When the federal government spends more money than it collects, the result is a budget deficit. The deficit is added to the federal debt which, in recent decades, has spiked. If the debt continues to rise as it has, and Congress fails to take corrective action, the indebtedness of the U.S. could spell serious trouble for the U.S. economy. Perhaps the most salient question is this: Is there enough time to correct this and do our elected officials have the intestinal fortitude to do so? Also, what was the catalyst for this overspending; why did it begin? These are just some of the issues we will examine.
The Federal Deficit: A Brief History
During the first 70 years of the twentieth century, a federal budget deficit was a rare thing. When it did occur, it was usually a result of an economic downturn or during wartime (Chart A). The federal government had a deficit in 41 of those 70 years or 59% of the time.
11-Fed Surplus-Deficit-1966 to 2019
After 1970, things changed. In the 49 years since, the federal budget had a deficit in 45 of those years or 92% of the time. What was the catalyst for this radical change in spending? To find an answer, we must return to 1971.
The Federal Deficit: The Catalyst
During the latter half of the 1960s, inflation was accelerating, and President Nixon felt the need to take corrective action. In addition to his wage and price freezes, he moved to decouple the U.S. from the gold standard. This occurred in 1971. The U.S. currency could no longer be exchanged for gold. The greenback for gold era had come to an end. When the dollar was tied to gold, the amount of currency that could be printed (and spent) was more limited. When the U.S. abandoned the gold standard, it effectively removed this restriction, opening the door for an increase in Congressional spending. Without a limit on spending, the political game rose to a new level, as officials used the power of the purse to enrich their districts and sometimes even themselves. But I digress.
Politics Versus Fiscal Responsibility
Most of us are acutely aware that Congress appropriates funds to pay for a variety of expenditures. Moreover, and to a large extent, the political future of all 535 members is closely connected to the amount of money they appropriate for their district. This is a significant disincentive for fiscal responsibility. In short, members of Congress are working to “bring home the bacon” and, like bacon, there’s a lot of fat.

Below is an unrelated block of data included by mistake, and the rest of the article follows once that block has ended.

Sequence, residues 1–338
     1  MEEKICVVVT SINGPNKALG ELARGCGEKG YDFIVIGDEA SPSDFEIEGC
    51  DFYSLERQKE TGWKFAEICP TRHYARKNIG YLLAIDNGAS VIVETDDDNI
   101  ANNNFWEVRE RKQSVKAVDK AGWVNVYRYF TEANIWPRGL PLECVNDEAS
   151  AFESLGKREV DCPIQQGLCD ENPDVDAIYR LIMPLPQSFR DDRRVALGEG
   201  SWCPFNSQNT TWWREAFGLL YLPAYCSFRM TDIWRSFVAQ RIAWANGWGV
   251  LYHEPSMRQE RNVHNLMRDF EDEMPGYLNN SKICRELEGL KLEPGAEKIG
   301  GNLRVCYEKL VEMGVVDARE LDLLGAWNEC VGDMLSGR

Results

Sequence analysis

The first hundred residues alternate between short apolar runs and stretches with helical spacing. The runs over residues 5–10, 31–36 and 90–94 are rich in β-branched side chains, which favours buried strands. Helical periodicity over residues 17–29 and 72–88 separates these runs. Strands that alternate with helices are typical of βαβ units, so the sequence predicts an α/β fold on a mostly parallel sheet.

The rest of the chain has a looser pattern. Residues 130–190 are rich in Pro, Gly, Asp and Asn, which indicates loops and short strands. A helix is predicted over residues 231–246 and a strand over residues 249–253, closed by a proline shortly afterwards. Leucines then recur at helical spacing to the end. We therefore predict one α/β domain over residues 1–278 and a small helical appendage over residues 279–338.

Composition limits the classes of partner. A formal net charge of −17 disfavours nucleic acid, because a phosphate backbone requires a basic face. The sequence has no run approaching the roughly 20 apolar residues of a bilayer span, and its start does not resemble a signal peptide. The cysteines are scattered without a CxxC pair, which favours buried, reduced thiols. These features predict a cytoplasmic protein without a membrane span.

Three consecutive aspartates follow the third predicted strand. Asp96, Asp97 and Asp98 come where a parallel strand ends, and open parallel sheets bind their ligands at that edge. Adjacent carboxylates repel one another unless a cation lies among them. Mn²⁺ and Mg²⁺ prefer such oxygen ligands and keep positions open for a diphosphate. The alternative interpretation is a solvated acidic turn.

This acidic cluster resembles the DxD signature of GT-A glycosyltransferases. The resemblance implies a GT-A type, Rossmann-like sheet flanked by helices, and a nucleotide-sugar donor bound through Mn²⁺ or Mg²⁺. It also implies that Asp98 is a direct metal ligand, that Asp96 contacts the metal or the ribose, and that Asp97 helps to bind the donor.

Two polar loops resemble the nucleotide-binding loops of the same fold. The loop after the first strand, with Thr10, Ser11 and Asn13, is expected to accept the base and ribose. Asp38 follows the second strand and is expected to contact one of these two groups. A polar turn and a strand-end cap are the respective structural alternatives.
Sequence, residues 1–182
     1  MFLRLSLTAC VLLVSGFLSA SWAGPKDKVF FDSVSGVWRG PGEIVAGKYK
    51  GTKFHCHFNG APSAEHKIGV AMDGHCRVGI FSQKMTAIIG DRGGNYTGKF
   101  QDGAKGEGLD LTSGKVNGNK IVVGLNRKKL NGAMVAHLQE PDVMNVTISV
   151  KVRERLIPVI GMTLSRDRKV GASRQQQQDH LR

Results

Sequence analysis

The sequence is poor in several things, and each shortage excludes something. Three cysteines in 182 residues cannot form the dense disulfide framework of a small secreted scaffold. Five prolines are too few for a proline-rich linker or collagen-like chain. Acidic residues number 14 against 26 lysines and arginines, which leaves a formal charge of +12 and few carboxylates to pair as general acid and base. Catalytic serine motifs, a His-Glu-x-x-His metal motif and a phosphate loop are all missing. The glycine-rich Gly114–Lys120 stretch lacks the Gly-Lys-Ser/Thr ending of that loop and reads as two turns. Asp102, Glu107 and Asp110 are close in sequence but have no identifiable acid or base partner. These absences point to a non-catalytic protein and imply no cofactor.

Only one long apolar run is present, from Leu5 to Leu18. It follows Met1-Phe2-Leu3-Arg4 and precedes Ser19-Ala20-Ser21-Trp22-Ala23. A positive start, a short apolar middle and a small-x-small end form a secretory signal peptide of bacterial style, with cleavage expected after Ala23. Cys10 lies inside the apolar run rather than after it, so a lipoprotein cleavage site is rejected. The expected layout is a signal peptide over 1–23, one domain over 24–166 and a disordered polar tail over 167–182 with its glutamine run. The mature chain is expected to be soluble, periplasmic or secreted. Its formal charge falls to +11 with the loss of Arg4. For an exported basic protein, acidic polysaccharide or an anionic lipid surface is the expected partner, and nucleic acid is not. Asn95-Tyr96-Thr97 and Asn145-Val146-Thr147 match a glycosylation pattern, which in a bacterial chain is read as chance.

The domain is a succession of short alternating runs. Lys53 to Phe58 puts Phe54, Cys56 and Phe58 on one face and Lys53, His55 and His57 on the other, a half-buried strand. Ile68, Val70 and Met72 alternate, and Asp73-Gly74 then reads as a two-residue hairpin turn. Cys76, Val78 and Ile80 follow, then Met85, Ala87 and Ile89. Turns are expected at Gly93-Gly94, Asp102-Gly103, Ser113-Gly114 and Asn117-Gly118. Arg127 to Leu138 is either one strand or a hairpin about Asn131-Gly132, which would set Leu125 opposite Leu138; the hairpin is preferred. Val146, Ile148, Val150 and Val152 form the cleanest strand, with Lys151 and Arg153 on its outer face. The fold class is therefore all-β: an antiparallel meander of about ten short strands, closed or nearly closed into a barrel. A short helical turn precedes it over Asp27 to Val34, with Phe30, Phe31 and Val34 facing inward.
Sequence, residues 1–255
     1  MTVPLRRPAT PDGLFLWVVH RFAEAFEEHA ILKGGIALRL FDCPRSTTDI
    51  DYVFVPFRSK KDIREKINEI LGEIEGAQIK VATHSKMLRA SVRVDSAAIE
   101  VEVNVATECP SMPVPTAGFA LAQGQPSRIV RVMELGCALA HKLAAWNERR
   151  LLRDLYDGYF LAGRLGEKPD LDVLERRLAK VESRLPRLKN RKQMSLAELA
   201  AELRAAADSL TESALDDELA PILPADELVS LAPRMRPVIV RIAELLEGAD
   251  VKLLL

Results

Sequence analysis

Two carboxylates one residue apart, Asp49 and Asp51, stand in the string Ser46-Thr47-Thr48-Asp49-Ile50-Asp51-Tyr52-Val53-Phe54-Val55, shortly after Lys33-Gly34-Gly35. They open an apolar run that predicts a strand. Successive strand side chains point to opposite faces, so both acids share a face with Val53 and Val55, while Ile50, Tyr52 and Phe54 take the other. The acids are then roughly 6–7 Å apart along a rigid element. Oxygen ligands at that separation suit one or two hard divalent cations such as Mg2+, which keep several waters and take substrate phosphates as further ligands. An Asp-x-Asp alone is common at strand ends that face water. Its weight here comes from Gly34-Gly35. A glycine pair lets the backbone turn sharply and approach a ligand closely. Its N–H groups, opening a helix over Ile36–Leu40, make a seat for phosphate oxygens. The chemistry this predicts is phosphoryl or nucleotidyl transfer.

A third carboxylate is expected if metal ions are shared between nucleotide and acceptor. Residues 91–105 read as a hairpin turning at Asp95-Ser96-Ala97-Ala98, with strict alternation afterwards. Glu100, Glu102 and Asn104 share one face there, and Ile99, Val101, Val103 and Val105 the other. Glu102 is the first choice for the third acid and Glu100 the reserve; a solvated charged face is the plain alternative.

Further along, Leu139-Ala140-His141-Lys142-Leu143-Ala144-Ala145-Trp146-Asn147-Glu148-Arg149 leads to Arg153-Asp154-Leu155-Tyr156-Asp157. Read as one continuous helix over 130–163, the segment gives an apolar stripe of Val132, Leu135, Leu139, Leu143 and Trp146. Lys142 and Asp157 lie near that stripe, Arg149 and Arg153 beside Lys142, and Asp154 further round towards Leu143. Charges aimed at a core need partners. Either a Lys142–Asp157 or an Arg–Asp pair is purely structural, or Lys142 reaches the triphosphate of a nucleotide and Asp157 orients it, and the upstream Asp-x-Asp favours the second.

Fiscal-Year 2019 Budget
Debt borrows money from the future for use today. As a result, future income is consumed to repay the debt, leaving less room for discretionary spending later. More debt reduces our ability to service the debt, which leads to more debt, which reduces our ability…, and so on. How is the federal government doing? Here are the income/expense numbers as of fiscal year-end; September 30, 2019.
Federal Receipts: $3,462,196
Federal Net Outlays: $4,446,584
Federal Surplus/(Deficit): ($984,388)
The most recent deficit was slightly less than $1 trillion. That additional trillion was simply added to the debt. Where does all that money go? Good question. The following chart has some answers.
Here we find the largest items in the federal budget. Weighing in at number four is the interest on federal debt. This is exceeded only by Medicare/Medicaid, Social Security, and defense spending. When you total these expenditures and compare the result with fiscal-year 2019 revenue, they equal 123% of federal revenue. Yes, I’d say the problem is with spending, not revenue.
12-Fed Govt Lgst Budget Items-2019
Source: OMB, Dept of Defense, US Treasury, BCO, NAPCS, GAO
The Debt Mountain
According to experts, mountains are formed by the movement of the Earth’s tectonic plates. The U.S. debt mountain was fashioned from irresponsible and imprudent spending. In both cases, the mountains resulted from actions unseen.
Let’s examine how the debt has risen over the years. The chart below shows total federal debt for fiscal years 1966 through 2019. From 1966 through 2000, the debt rose, but the debt-to-GDP ratio at the end of that period was around 44% so it was manageable. Since 2001, the federal debt has risen by almost $17 trillion. The debt-to-GDP ratio has been securely over 100% for nearly a decade.
13-Fed Debt 1966-2019
We have looked at the history of the federal deficit; discussed when, why, and how government spending got out of control; and have seen how the debt has risen over the past half century. It seems that, given the level of recent deficits, this mountain is likely to rise at an even faster rate than it did in the past.